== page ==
Air pollution and urban design
The effects of air pollution on the human body are still largely unknown, but all of the indications we have paint a bleak picture. Barring a rapid shift to clean energy generation, the problem will only get worse as the world becomes more crowded – and that will have knock on effects for our health.
The World Health Organisation (WHO) believes that the air we breathe is growing dangerously polluted, and at least seven million people a year are killed by polluted air. The WHO further states that a third of global deaths from strokes, lung cancer and heart disease can be blamed directly on air pollution.
Further research from the Forum of International Respiratory Societies shows that air pollution may be damaging virtually every cell and organ in the human body. Heart and lung diseases, dementia, diabetes, fertility and unborn children are at risk. The latter is particularly worrying, with work published in Nature Communications detecting black carbon particles on the foetal side of placentas, and the link between dirty air and miscarriages or low birth weights being well established.
Air pollution is all around us and we cannot escape it. Or can we? For those of us who live in cities, Barcelona is demonstrating how a proactive attitude can help reduce pollution – in this case, motor vehicle pollution.
First introduced in 2016, the Superblocks found in Barcelona have worked wonders. Designed as a neighbourhood of nine residential blocks, traffic is restricted to the streets on the outside of the Superblock, meaning that the internal streets are left for pedestrians and cyclists only.
Only six Superblocks are currently in operation, but they have been warmly welcomed by residents and demonstrated real benefits. They have been so successful, in fact, that the plan is to create 503 more Superblocks across the city.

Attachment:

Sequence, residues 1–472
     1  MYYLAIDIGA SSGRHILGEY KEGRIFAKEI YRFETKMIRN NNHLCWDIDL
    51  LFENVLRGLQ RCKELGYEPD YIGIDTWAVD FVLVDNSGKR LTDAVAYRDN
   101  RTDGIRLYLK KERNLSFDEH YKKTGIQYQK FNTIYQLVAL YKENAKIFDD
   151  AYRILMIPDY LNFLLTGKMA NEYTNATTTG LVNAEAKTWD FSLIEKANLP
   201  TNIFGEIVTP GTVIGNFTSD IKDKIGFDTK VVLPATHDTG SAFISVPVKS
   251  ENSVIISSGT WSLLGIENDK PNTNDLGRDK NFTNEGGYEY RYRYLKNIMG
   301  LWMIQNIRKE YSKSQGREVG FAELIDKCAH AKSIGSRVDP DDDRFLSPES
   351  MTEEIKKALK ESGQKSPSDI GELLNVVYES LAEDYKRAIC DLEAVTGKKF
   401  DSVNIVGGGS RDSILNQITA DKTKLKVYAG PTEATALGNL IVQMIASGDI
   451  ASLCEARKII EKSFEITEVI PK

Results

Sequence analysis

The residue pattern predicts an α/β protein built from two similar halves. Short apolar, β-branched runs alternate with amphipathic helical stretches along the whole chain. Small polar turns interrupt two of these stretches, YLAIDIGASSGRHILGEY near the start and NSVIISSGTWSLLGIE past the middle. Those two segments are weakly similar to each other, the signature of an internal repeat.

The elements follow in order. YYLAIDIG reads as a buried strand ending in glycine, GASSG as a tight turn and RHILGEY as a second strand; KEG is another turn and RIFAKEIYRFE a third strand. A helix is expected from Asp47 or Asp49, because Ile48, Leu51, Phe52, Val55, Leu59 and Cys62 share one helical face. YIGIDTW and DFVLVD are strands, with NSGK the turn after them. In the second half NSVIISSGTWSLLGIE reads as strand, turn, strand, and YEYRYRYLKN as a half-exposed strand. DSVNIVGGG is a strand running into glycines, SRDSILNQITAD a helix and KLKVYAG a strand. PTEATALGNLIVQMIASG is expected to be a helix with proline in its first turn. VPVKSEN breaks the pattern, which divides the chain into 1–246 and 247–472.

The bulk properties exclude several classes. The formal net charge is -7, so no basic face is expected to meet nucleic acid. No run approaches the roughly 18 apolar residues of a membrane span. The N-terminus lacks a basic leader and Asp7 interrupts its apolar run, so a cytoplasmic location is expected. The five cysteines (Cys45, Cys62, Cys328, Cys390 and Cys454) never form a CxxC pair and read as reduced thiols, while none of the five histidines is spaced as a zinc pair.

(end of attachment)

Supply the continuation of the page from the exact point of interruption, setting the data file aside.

A recent report from the Barcelona Institute for Global Health estimates that this expansion would reduce car journeys by 230,000 a week and, subsequently, significantly improve both air quality and noise levels. Ambient levels of nitrogen dioxide would be reduced by a quarter and as many as 667 premature deaths from pollution, noise and heat could be prevented annually.
In addition, removing cars and opening up much of the city to pedestrians and cyclists encourages people to lead a more active lifestyle which helps to reduce diabetes and obesity, and increase the average lifespan of residents.
Obviously, the layout of Barcelona is perfectly suited to experiments like this. 19th century architect Ildefons Cerdà invented the field of urban planning and redesigned the city’s Eixample district on a strict grid system.
Neighbourhoods were redesigned as a series of blocks which were angled on a north west-south east alignment, to ensure enough natural light, and contained green recreational space in the centre. The aim was to prioritise fresh air and green space for residents and combat the previously-unpleasant living conditions people had to put up with.
These blocks now form the basis of the Superblocks and are set to, once again, give residents of Barcelona a new lease of life.
However, the unusual circumstances enjoyed by Barcelona don’t mean the underlying principles – and the determination to combat unhealthy air pollution – cannot be carried over to other cities around the world. Three quarters of us will be living in urban areas by the middle of the 21st century according to some estimates; if we don’t solve air pollution by then, a lot more of us will be dying in cities too.